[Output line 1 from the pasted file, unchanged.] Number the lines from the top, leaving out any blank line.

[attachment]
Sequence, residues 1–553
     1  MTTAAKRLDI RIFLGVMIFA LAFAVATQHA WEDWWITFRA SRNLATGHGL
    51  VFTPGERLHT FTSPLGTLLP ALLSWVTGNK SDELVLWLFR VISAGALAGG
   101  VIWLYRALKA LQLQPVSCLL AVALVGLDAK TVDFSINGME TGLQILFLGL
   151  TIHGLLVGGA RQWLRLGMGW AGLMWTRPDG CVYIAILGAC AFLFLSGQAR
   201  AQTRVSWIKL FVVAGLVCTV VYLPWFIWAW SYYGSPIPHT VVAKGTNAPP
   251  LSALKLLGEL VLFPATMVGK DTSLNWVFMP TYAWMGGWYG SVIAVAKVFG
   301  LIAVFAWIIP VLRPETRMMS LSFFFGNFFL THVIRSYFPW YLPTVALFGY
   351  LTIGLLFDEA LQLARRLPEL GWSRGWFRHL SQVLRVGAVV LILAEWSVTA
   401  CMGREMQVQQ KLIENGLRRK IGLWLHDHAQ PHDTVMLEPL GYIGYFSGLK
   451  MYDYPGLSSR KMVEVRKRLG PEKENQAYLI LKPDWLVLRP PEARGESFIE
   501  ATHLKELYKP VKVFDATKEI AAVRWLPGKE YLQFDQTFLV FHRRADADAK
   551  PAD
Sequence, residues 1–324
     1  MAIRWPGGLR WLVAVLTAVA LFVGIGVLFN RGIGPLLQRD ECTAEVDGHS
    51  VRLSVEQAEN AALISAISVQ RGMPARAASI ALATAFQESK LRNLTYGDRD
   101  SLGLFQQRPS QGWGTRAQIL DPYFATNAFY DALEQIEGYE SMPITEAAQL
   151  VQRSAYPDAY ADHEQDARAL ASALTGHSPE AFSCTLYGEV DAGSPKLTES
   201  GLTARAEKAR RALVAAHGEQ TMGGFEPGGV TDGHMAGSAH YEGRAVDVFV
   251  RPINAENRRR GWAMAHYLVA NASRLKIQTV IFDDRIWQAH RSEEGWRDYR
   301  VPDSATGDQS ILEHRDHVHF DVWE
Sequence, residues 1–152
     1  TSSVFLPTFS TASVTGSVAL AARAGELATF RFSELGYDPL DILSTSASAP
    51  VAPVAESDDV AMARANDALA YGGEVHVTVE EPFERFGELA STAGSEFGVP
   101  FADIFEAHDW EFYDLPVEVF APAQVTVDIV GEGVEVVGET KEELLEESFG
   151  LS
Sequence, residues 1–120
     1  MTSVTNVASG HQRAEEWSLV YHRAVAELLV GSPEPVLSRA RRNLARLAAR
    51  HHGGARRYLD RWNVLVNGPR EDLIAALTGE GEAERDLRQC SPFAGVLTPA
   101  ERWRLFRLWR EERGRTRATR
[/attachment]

Sequence, residues 1–553